Who's right? X Corp's legal battle against CCDH
X Corp, after Elon Musk bought the app, has been under fire for allegations of increased hate speech on the platform. The company is now taking legal action against The Centre for Countering Digital Hate (CCDH), which has released multiple reports monitoring the growth of harmful content.
The CCDH has consistently claimed to have recorded a surge in hate speech on the app following its acquisition by Musk. In December, they reported a noticeable rise in offensive remarks towards Black and transgender individuals after Musk's takeover. Their findings also suggest that Twitter is not taking action on inappropriate tweets from Twitter Blue subscribers. Moreover, tweets that use 'grooming' slurs in relation to the LGBTQ+ community are reportedly being allowed to stay on the platform.
Some of these observations seem to line up with the app's recent 'Freedom of Speech, Not Reach' policy. This new approach by the X team leans towards keeping tweets posted rather than taking them down. Nevertheless, X Corp plans to challenge CCDH's allegations in court, as Musk aims to reveal the identities of those behind the group.
CCDH has a respond for Musk's letter
According to the statements made by the CCDH:
“Last week we got a letter from Elon Musk’s X. Corp threatening CCDH with legal action over our work, exposing the proliferation of hate and lies on Twitter since he became the owner. Elon Musk’s actions represent a brazen attempt to silence honest criticism and independent research in the desperate hope that he can stem the tide of negative stories and rebuild his relationship with advertisers.”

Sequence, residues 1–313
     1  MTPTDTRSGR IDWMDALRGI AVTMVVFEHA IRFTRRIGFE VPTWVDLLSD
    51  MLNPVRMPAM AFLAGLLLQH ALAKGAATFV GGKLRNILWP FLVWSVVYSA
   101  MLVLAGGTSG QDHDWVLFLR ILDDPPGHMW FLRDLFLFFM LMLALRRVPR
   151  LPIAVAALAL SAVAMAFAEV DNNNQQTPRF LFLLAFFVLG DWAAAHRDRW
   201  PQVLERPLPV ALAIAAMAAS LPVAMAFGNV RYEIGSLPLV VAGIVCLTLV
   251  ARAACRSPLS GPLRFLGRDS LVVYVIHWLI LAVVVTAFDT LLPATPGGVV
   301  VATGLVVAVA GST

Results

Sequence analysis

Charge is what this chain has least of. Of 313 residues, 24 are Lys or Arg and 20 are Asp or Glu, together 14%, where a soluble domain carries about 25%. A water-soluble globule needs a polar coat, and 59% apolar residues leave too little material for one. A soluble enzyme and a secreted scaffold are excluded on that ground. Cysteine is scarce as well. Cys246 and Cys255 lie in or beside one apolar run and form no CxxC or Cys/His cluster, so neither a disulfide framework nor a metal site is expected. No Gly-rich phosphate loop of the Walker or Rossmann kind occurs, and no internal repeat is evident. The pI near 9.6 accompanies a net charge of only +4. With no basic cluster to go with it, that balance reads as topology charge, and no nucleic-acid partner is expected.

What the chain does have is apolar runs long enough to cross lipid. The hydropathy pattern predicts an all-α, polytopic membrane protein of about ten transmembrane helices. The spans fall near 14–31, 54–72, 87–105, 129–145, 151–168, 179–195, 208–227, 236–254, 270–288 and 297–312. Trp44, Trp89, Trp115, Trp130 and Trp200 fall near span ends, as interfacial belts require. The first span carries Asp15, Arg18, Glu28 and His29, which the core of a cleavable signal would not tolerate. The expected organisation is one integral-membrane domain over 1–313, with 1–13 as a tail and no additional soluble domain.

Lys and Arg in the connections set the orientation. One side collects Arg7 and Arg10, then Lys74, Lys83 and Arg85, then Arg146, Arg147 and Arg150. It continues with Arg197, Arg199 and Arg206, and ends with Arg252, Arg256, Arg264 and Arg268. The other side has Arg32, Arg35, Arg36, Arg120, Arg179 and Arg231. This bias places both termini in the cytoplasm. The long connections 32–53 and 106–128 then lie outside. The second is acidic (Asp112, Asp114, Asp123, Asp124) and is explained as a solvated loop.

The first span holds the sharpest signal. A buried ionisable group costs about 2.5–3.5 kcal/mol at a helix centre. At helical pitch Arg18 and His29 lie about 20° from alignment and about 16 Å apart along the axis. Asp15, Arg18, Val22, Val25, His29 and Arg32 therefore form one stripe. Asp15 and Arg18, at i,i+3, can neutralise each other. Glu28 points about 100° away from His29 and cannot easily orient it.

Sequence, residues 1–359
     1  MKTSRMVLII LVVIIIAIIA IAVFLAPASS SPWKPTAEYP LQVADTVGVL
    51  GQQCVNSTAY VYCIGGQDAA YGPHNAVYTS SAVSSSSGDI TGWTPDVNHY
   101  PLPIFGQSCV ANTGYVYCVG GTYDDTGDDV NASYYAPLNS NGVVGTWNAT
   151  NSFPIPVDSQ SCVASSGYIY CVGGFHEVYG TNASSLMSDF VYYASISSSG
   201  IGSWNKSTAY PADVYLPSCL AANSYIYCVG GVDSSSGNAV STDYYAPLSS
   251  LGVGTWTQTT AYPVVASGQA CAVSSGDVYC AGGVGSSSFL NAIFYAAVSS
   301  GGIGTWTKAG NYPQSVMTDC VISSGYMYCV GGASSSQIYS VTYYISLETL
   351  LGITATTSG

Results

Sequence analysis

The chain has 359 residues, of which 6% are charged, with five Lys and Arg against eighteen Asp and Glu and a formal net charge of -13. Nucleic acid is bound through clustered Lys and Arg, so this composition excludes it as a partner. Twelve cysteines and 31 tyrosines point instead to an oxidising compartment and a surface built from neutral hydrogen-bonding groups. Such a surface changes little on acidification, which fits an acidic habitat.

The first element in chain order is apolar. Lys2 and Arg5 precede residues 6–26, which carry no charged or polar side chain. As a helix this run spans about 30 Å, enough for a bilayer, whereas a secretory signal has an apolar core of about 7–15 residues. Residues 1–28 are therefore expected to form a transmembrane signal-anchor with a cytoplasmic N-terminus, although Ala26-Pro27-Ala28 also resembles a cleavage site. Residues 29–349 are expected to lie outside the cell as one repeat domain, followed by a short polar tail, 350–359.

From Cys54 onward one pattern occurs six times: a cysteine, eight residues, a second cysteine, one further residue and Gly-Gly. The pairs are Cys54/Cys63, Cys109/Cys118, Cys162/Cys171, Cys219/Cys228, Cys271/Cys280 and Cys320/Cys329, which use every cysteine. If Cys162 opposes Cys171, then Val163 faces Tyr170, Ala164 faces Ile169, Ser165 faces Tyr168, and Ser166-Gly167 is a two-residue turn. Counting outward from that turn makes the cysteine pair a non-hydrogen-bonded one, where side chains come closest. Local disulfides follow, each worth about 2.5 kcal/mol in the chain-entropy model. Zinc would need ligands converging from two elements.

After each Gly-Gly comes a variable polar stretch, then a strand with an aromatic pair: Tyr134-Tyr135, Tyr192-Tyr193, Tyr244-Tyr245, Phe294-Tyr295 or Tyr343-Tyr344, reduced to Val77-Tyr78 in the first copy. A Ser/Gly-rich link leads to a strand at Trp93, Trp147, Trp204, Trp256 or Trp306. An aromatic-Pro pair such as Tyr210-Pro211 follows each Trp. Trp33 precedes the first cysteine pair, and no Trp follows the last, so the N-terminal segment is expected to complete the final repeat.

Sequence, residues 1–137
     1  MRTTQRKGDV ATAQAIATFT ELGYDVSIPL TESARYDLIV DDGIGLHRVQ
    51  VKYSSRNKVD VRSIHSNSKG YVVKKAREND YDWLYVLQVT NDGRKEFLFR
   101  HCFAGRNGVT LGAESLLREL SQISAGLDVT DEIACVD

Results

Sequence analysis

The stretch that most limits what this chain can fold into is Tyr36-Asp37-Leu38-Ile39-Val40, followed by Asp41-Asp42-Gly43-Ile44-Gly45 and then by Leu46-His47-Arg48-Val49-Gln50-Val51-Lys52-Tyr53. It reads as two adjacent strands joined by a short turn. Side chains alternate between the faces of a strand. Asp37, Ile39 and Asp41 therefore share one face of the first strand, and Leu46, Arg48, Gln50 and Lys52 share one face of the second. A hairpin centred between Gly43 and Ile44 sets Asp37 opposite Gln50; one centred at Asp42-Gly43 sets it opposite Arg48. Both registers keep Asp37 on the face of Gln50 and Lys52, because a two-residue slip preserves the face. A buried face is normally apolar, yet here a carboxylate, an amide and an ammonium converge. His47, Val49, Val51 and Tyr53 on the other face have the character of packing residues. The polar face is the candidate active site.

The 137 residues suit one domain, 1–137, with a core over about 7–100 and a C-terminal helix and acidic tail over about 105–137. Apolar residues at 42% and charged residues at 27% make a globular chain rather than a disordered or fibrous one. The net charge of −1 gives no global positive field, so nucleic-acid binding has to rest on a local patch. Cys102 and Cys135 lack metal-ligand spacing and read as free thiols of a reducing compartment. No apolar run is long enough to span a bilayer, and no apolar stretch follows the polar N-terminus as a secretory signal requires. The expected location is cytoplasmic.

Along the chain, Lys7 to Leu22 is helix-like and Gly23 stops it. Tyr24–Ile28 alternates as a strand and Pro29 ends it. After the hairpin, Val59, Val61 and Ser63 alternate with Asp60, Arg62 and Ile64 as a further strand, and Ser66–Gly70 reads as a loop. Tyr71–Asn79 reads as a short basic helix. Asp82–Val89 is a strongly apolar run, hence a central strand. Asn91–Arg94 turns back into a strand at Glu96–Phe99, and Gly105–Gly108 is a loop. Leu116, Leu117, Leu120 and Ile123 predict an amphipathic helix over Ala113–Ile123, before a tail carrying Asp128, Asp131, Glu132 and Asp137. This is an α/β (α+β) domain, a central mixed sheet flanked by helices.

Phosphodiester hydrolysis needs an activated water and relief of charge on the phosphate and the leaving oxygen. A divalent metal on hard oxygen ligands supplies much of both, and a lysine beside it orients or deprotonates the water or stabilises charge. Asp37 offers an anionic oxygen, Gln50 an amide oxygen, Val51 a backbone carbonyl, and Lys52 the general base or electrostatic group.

X Corp seems to be attempting to counter well-publicized accusations that the platform has become less safe for brands than before, aiming to reassure advertising partners.
However, X Corp's concerns have some merit. Meta has also criticized the CCDH's findings previously as being narrow and not reflective of its overall efforts to control hate speech.
This is a common limitation of third-party evaluations. Outside groups can only review a certain number of posts, so their conclusions are based on the content they select for their study. Both Meta and X Corp argue that the CCDH's studies are too limited to accurately reflect their broader performance.
Despite these arguments, such reports have received extensive media attention, likely impacting X Corp's business. Increased reports of hate speech and harmful content might deter brand partners from advertising on the platform. This is what Musk and his legal team aim to counter by suing the CCDH.
In return, the CCDH has promised to stand by its claims. They described Musk's legal action as 'a disturbing effort to intimidate those who dare to stand against incitement, hate speech, and harmful content online.' The CCDH further argues that Musk has intentionally tried to limit outside research by changing rules around third-party data access, making a full-scale analysis of the platform's content impossible.
Musk and his X Corp team have increased the cost of accessing API on the platform, including for academic groups. This has restricted such analysis, making it almost impossible in most cases. Consequently, the only reliable source of insight would be the data produced by X Corp itself.
On that front, Musk and the X team have repeatedly claimed that hate speech impressions are way down since Musk took over at the app, with its most recent claim on this front being:
We remain committed to maintaining free speech on Twitter, while equally maintaining the health of our platform. Today, more than 99.99% of Tweet impressions are from healthy content, or content that does not violate our rules.
Read more about our progress on our enforcement…
— Safety (@Safety) July 12, 2023